The report also linked Montano to 65 summary executions, 51 forced disappearances, 520 cases of torture, and 533 arbitrary detentions. Professor Karl’s testimony includes the names of the victims, the dates of the human rights abuse, the place and battalion or unit involved.

More than 20 years after the Peace Accords were signed, Salvadorans continue the process of healing from twelve years of civil war and decades of oppression and human rights abuses. The country’s Amnesty Law has stymied this process by forcing victims and human rights activists to seek justice outside of their own legal system. While leaders within the right-wing ARENA party, which was in power in 1989 when the Jesuit priests were killed, has condemned the Spanish indictments for dredging up painful memories, it is important for that criminals be brought to justice, even if it’s in a courtroom in Boston or Madrid.

News Highlights, Uncategorized, violence

20 Salvadoran Army Members Indicted for 1989 Murders

The government of Spain has indicted 20 members of the El Salvadoran armed forces, including 2 defense ministers, for the 1989 murder of six Jesuit priests: Ignacio Ellacuria, Segundo Montes, Ignacio Martin-Baro, Joaquín López y López, Juan Ramón Moreno, and Amando López — and their housekeeper Elba Ramos, and her daughter Celia Marisela Ramos.  One of the defense ministers indicted for this crime, Rene Emilio Ponce, died last month, prompting many to express regret that he was never held accountable for his alleged role in the killings.

These charges are the fruit of years of international protest regarding the murders that have come to symbolize the brutality of the Salvadoran government and military during the 1980s. The unique legal principle that allows Spain to carry out these charges is its Universal Jurisdiction law enacted in 1985. The law recognizes that Spanish Courts have jurisdiction to adjudicate crimes involving genocide, terrorism, or other human rights abuse. The scope of the law was narrowed in 2009 to apply to cases only in which the victims were Spanish. In the case of the Jesuits, five of the six priests killed were Spanish nationals. In 1999, prosecutors used the same law to go after Chilean dictator Augusto Pinochet for extra-judicial killings and human rights abuses during his reign.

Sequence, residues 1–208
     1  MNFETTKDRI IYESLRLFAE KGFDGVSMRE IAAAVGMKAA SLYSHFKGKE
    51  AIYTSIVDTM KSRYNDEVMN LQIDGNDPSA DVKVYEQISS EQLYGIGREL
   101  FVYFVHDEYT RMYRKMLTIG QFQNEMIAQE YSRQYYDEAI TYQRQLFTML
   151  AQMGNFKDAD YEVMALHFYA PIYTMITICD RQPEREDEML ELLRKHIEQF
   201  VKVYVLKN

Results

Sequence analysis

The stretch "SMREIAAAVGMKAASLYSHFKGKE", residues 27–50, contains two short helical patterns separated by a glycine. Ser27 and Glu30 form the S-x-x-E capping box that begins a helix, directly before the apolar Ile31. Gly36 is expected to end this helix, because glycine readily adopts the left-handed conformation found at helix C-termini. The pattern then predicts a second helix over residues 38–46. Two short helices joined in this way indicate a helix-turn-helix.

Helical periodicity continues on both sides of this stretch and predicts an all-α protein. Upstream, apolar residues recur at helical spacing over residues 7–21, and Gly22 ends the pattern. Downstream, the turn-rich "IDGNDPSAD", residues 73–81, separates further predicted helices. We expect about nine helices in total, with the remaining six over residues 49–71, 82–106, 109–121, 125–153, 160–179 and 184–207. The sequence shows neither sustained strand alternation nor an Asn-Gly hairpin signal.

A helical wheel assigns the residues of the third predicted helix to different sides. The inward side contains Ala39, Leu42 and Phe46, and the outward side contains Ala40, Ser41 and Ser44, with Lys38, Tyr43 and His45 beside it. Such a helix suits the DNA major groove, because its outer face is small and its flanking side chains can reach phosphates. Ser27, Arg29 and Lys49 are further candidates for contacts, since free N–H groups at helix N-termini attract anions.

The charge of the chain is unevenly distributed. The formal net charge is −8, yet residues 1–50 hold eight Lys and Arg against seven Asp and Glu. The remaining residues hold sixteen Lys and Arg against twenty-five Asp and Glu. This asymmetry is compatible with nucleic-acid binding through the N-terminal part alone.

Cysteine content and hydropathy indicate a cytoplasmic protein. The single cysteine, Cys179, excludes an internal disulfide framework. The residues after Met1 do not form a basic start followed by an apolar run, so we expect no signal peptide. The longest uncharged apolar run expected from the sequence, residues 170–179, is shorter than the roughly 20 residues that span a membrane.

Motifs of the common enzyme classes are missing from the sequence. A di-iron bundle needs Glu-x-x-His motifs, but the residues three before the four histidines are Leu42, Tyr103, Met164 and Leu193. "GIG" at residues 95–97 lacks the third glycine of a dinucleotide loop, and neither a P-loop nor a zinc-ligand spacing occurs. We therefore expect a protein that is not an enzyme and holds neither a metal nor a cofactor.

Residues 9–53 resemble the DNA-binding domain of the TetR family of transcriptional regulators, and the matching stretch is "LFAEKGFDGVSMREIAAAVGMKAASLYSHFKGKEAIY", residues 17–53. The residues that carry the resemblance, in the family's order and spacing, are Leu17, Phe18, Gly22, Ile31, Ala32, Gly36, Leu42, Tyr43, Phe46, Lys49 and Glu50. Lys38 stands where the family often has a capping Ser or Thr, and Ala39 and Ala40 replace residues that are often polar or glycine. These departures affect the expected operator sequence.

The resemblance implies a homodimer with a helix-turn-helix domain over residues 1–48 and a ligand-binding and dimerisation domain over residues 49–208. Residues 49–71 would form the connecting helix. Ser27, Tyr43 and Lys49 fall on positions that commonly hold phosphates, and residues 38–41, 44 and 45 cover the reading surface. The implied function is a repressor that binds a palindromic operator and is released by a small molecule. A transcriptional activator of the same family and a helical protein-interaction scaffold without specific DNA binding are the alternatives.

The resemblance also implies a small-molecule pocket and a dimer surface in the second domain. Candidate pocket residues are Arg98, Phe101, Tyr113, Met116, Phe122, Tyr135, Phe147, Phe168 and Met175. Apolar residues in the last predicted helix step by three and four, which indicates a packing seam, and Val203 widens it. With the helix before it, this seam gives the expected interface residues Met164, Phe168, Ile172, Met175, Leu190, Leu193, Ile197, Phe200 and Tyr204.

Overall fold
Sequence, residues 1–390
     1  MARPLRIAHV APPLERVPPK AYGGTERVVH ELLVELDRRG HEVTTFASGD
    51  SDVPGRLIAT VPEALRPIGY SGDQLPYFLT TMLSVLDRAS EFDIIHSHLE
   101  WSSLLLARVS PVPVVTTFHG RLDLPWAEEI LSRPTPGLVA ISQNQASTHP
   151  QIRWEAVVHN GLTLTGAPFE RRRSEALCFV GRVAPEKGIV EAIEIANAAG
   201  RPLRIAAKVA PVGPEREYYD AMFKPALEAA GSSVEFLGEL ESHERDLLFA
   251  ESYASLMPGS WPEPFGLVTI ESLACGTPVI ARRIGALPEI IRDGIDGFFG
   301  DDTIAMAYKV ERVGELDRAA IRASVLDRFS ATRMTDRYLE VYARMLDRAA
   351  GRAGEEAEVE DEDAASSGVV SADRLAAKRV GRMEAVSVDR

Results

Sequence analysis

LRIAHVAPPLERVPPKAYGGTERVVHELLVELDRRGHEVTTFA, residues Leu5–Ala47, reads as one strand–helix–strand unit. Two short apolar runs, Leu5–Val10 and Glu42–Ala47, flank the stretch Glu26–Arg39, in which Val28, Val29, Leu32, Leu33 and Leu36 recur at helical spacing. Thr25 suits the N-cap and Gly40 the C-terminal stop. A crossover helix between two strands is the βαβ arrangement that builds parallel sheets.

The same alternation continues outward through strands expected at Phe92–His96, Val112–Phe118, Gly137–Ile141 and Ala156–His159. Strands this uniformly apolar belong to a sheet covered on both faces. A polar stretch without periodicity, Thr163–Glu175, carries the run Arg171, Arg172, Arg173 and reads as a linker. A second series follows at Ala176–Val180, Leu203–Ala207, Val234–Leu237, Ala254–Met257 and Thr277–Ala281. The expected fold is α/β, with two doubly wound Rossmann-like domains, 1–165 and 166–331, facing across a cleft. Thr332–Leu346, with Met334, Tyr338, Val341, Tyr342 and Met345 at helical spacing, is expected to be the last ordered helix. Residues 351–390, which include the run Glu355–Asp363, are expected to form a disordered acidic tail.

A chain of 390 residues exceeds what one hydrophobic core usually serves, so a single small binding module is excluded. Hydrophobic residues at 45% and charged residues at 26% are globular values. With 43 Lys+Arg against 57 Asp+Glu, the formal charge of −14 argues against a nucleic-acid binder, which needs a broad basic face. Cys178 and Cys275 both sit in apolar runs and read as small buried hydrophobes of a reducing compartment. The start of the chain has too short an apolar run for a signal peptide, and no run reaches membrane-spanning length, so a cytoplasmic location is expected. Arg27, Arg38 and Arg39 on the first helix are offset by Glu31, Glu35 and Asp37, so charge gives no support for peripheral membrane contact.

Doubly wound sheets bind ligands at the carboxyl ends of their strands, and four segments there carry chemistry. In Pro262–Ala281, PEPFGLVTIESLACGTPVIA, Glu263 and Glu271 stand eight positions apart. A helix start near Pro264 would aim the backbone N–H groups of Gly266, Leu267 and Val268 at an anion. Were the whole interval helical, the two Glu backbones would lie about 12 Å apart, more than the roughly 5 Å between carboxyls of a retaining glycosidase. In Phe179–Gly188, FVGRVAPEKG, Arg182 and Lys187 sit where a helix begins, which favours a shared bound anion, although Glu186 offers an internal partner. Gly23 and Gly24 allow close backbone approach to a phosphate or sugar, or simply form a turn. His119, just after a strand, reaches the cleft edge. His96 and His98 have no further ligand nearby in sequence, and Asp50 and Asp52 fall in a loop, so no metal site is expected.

In 1989, the Jesuits at the University of Central America in San Salvador were attempting to mediate between left-wing groups and the government. In the early morning hours of November 16th 1989, armed men broke into the Jesuit residence at UCA in San Salvador and the six Jesuits were ordered into their garden where they were shot and brutally mutilated. Their housekeeper and her daughter were found shot in their beds. Witnesses claim that the death squad poured out of military vehicles.

Judge Eloy Velasco, the Spanish judge who issued the charges, has also issued international arrest warrants to Interpol and Spanish police, demanding that they appear in court within 10 days.  Although actual trials rarely result from charges under the Universal Jurisdiction Law, it is an important acknowledgement of the crime and the search for justice, even years after the fact.

However, in light of the recent indictments, the current community at UCA released a statement saying that they only desire the murderers to be apologetic, echoing the message of peace and forgiveness that these martyrs preached.

To end with the words of one of the priests, Ignacio Ellacuría, S.J. “The struggle against injustice 
and the pursuit of truth cannot be separated nor can one work for one be independent of the other.”

A rose garden planted in memory of the priests in the garden where they were killed, outside their residence at UCA.